While the SA National Defence Force (SANDF) was unable to maintain the Thaba Tshwane military base in Centurion due to “predominantly a lack of funds”, it has managed to find the cash to spend R20.5m on “luxury vehicles”, valued at over R600,000 each, for senior management in the previous two financial years.
This is according to parliamentary replies by Defence and Military Veterans Minister Nosiviwe Mapisa-Nqakula, who responded to questions from FF Plus leader Pieter Groenewald and DA MP Cilliers Brink.
Groenewald asked how many luxury vehicles exceeding R600,000 were purchased by the SANDF for senior management in the 2014/2015, 2015/2016, 2016/2017, 2017/2018 and 2018/2019 financial years.
“No luxury vehicles exceeding R600,000 were purchased by the SA National Defence Force in the 2014/15 to 2016/17 financial years. Twenty luxury vehicles were procured in the 2017/18 financial year, and two vehicles were procured in the 2018/19 financial year,” Mapisa-Nqakula answered.
The list of vehicles acquired reveals that the defence force’s top brass tends to favour German precision as far as their transport is concerned, at least.
In the 2017/2018 financial year, the joint operations division received three Mercedes-Benz V2500s for R1,027,804 each. It also got an Audi A6 for R631,365.06 and a BMW 540i for R831,976.80.
The army got two BMW X5s at R916,883.50 each.
The military health services got a BMW 330D for R635,200, a BMW X5 for R947,633.50 and a BMW 540i for R849,526.80.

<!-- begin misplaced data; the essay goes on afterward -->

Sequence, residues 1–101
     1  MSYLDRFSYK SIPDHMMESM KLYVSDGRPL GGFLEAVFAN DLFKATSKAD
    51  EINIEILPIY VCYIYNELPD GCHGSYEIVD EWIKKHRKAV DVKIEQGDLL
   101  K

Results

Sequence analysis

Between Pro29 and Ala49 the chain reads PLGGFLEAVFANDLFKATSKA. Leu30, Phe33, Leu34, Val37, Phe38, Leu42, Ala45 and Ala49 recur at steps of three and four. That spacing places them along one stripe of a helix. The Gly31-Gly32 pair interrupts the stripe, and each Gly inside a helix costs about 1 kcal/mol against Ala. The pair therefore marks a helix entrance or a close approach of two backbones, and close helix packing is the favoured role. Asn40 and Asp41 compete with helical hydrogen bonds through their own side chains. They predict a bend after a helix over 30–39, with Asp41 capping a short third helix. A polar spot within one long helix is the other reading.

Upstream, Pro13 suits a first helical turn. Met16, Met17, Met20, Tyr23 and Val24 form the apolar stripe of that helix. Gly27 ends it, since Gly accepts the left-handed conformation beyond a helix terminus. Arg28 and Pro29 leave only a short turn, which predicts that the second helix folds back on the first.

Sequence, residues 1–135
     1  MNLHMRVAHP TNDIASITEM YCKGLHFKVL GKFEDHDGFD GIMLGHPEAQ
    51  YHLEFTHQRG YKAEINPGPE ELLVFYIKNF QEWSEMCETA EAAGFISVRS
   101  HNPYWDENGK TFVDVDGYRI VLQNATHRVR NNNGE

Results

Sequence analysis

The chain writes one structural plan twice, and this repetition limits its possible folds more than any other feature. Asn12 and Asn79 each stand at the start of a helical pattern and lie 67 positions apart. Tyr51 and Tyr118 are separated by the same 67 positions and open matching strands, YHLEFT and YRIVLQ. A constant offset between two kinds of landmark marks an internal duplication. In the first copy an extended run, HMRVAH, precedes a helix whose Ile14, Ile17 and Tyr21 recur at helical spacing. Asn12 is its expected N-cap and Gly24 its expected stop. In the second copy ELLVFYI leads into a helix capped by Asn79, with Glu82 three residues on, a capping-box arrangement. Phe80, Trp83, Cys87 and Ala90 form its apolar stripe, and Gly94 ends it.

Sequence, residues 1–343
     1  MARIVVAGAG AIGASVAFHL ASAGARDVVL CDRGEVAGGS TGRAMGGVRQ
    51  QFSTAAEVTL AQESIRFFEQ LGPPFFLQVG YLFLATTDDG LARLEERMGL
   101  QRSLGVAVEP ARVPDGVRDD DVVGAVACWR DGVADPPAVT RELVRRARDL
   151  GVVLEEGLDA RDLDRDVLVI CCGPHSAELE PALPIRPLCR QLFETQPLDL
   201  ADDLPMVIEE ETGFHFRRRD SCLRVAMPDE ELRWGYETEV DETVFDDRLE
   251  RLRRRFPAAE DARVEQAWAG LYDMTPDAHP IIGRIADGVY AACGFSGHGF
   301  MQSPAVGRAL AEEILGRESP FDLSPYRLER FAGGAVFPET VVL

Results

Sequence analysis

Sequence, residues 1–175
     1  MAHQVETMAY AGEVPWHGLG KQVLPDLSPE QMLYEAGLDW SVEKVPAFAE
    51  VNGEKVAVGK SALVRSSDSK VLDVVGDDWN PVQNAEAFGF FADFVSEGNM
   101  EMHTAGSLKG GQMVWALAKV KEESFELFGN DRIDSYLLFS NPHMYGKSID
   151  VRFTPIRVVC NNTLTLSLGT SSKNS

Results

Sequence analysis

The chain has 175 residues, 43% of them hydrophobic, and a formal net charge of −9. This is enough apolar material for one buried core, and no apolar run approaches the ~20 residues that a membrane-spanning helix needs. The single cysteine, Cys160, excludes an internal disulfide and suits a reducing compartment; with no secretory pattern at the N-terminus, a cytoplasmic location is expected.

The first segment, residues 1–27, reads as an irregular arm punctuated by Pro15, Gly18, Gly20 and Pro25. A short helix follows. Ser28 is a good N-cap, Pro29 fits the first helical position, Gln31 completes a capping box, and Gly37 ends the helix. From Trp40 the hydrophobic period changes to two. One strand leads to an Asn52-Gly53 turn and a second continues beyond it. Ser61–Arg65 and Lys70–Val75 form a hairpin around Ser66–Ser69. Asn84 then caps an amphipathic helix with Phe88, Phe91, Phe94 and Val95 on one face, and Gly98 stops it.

The logistics division got two BMW 750is at R1,683,811.04 and R1,559,340, three Audi Q7Rs at R964,723.11 each and four Mercedes-Benz V2500s at R812,574 each.
The defence intelligence division got a BMW 540i for R823,326.80. The total for the 2017/2018 financial year came to R19 023 824.33.
In the 2018/2019 financial year, the defence foreign relations got a BMW 520i for R651,862.47 and BMW 540i for R812,563.87.
The total spent over the two financial years was R20,488,250.67.
In answer to another question about the poor state of the Thaba Tshwane military base, Mapisa-Nqakula said it was “due to predominantly a lack of funds”.
Brink asked her if she had been informed of the poor state of maintenance of the properties and infrastructure at the base and if any plans have been put in place to address this.
“The minister of defence and military veterans is well-informed of the poor condition of facilities at the Thaba Tshwane military base in Centurion, which is a serious matter of concern to her,” read Mapisa-Nqakula’s answer.
“Cognisance must be taken that Thaba Tshwane was built on dolomite land, and with virtually no upgrade or renovations during the last two decades due to predominantly a lack of funds and a huge backlog of maintenance and repair, poses serious structural maintenance problems for both the Department of Defence [DOD] and Department of Public Works and Infrastructure [DPWI].
“Buildings and land that the units occupy are managed and maintained by the DPWI, who is the custodian of state land and facilities and therefore responsible for the maintenance and repair of these facilities, however, partly the DOD is responsible for the failure to address poor maintenance of its own properties and infrastructure by not taking the initiative to repair its facilities on realising that the DPWI is failing in its mandate.
“Repairs and renovations of sewer, stormwater and roads, as well as sinkholes are in process to take place. A facility strategic plan has been compiled with the Thaba Tshwane military area as one of the first priorities to be addressed.”